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Turning People into Story-fodder

By 30/03/2011writing

Yesterday, at the check-out queue at my local grocery shop, I saw the basket sitting at the check-out counter in front of mine: microwavable pizza, microwavable sausage rolls, microwavable dinners piled one on top of the other, readymade sachets of coffee, with a measly packet of tomatoes peeking from the bottom. Lousy housewife, I said to myself.

I looked up to find a man whose shoulder-length blonde hair clung to his pate in desperation. He had a wilted beard, clothes that seemed to like the floor better than his body, downcast eyes.

I turned back at my basket piled with vegetables, wholemeal  pita bread, with ingredients for hummus and salad, and felt bad. I wanted to invite him home to dinner. That way, I told myself I could also find out who he was, his story, why he stood at a high-end grocery store in heartland Singapore, buying microwavable dinners. Did he have a family? What sort of job?

He paid his bill of 23.45 in one dollar coins and smaller change, from a zip-lock bag.

He moved on, and as the girl at the counter beeped each of my purchases and put them in packs for me to carry, I was filled with self-loathing. Instead of staying with my first impulse of sympathy, I had felt a writer’s curiosity. In my mind,  I had reduced the man to fodder for stories.

On my walk back home, I realised I did this all the time. I saw a man walk past, gangly, not young, nor yet old, with a face that would be the casting dream for a horror movie, deep-set reddish eyes, and a face that had been punched from his left jaw to right, and remained frozen that way. I chalked him up as someone I could write about, and turned back to observe his walk. A limp, not unlike that of aliens in movies like Men in Black.

I realised this is what I do, have always done, even before I was a writer: wonder about people, make up stories about them. Too late to change that now.

As I unlocked my door thumping down the grocery bags, I knew I was ok as long as I was not deliberately writing/publishing something as a personal vendetta against someone. Characters can only be borrowed from life and they’re true Frankensteins, with body parts and characteristics borrowed from various sources. As long as I had a worthwhile story, I had every right as a writer to be curious. And yes, the first impulse of empathy and compassion? As a writer I can’t afford to lose that either.

If turning people into story-fodder is sin, I’m willing to live with that.

Damyanti Biswas

Damyanti Biswas is the author of You Beneath Your Skin and numerous short stories that have been published in magazines and anthologies in the US, the UK, and Asia. She has been shortlisted for Best Small Fictions and Bath Novel Awards and is co-editor of the Forge Literary Magazine. Her forthcoming literary crime thriller, The Blue Bar is represented by Lucienne Diver from The Knight Agency, and will be published by Thomas & Mercer on January 1, 2023.

I appreciate comments, and I always visit back. If you're having trouble commenting, let me know via the contact form, or tweet me up @damyantig !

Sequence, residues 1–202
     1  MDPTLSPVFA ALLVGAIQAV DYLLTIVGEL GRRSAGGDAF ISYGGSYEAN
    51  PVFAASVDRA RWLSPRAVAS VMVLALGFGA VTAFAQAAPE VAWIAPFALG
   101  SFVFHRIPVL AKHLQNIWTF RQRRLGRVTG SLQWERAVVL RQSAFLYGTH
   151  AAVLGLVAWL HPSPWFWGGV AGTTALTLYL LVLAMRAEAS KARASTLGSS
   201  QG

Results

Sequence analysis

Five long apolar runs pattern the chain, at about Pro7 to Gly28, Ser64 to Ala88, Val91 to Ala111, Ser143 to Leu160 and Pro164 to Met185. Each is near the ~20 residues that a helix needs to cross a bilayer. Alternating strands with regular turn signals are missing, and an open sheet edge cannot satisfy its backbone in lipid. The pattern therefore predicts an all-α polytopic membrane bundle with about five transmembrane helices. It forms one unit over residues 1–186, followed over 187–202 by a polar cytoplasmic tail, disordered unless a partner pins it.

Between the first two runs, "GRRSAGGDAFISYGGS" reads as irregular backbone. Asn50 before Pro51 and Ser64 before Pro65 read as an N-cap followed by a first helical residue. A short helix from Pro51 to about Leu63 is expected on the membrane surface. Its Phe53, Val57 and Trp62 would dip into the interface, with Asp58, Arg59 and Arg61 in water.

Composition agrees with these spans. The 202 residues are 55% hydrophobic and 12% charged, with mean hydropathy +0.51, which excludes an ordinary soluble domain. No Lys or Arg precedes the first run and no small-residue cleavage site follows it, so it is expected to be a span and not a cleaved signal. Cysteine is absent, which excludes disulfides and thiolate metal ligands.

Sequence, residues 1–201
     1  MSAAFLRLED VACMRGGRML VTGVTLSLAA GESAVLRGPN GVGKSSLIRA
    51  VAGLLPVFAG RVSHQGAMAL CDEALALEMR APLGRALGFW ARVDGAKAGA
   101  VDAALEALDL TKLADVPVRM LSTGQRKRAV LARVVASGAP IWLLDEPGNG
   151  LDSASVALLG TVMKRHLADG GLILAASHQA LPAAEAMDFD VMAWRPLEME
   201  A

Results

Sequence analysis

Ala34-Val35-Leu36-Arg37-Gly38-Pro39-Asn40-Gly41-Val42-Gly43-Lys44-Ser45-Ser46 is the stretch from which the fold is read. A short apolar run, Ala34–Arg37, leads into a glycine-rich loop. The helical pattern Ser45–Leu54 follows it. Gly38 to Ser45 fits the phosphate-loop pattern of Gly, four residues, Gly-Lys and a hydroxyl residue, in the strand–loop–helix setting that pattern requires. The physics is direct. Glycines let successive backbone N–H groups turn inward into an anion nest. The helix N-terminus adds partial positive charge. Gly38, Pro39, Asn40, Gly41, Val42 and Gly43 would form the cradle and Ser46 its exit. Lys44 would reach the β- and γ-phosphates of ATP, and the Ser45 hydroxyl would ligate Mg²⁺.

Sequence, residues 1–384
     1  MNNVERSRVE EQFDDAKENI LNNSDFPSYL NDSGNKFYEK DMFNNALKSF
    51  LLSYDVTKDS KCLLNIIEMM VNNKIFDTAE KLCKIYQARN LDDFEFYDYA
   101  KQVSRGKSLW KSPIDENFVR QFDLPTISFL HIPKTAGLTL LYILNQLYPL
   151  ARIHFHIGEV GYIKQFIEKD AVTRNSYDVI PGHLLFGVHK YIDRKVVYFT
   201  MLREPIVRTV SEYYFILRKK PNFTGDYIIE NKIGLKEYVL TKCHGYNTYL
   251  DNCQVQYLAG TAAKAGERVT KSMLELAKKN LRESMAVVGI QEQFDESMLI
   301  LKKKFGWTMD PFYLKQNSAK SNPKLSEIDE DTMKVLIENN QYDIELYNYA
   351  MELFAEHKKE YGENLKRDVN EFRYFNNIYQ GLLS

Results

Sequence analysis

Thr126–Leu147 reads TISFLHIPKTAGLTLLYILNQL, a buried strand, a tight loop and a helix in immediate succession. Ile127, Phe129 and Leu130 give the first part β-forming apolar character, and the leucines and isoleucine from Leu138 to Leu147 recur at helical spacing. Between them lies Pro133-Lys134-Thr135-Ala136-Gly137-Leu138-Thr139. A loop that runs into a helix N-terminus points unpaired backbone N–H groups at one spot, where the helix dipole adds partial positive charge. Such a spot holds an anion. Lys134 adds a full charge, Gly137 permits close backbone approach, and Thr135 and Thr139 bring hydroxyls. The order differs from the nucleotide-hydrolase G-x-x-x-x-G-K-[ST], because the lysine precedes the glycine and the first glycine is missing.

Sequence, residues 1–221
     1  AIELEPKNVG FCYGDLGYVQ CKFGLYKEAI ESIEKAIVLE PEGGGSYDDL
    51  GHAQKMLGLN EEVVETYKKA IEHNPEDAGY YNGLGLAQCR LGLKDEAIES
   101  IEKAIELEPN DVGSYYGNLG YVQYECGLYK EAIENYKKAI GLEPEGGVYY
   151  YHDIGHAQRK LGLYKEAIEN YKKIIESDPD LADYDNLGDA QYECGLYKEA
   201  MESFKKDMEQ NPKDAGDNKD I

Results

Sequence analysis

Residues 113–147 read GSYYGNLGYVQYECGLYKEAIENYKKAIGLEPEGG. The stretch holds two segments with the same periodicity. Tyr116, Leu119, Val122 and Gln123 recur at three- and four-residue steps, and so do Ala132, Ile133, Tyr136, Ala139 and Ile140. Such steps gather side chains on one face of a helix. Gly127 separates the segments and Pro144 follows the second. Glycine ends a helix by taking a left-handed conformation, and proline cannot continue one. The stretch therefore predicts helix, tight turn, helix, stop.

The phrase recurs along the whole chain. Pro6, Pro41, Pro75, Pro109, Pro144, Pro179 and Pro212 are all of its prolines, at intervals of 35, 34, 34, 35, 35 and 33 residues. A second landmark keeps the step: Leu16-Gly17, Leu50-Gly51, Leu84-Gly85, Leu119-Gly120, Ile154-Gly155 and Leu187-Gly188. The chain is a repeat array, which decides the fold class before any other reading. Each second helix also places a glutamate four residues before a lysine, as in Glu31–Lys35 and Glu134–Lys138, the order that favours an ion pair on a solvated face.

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12 Comments

  • Jot says:

    I like to think that being a writer puts us in touch with humanity moreso than others who do not write. We observe what is going on around us more than the person who sees things at a surface level. I think this actually promotes more sympathy for others when we analyze people’s situations. We learn more about them and in the process we learn about ourselves.

    • Damyanti says:

      Thanks for your comment, Jot. It is spot-on. And welcome to my blog.

      Also, would appreciate your help for the #atozchallenge which I talk about in my latest post.

  • To the writer, observation is the companion of inspiration. I would like to think that ready-made meals, shaggy-looking guy is an artist or writer! No time, nor inclination to spend time on mundane things like cooking.

  • Monica says:

    Found you from the A-Z Blogging Challenge, it sounds like it’s going to be so much fun and I can’t wait to get started!! I’m now following your blog on GFC and I hope you have a chance to check out my blog and maybe follow me back!!
    Monica
    http://oldermommystillyummy.blogspot.com/

    • Damyanti says:

      It is going to be fun indeed! Will follow you back, Monica. I went over to your blog and liked what I saw. Thanks for visiting my blog, and welcome!

  • bronxboy55 says:

    Your ability to look closely and really see — whether as a writer or simply as a human being — is critical to fixing the world’s problems. It has great value.

  • Sounds like what my grocery cart looks like…lots of frozen stuff. Though…I’d rather have the hummus..:)

    I constantly make up stories in my head about the people I see in the day. Its…its what a writer does (that is why I started my blog…I have a thing for making up history). Glad to know I’m not alone.

    • Damyanti says:

      Welcome to my blog, and I’m glad I’m not alone either.

      There’s a difference between frozen ingredients and microwavable dinners…and I’m a cook-from-scratch freak! Made pancakes this morning from scratch and loved the result.

      Head over to my place and I’ll cook 🙂

  • DarcKnyt says:

    I guess we all do this to some degree. I don’t think anyone is truly non-judgmental. Those who claim it are likely turning a blind eye to some of their circumstances and inner thoughts.

    It’s the heart’s thoughts we need to learn to listen to.

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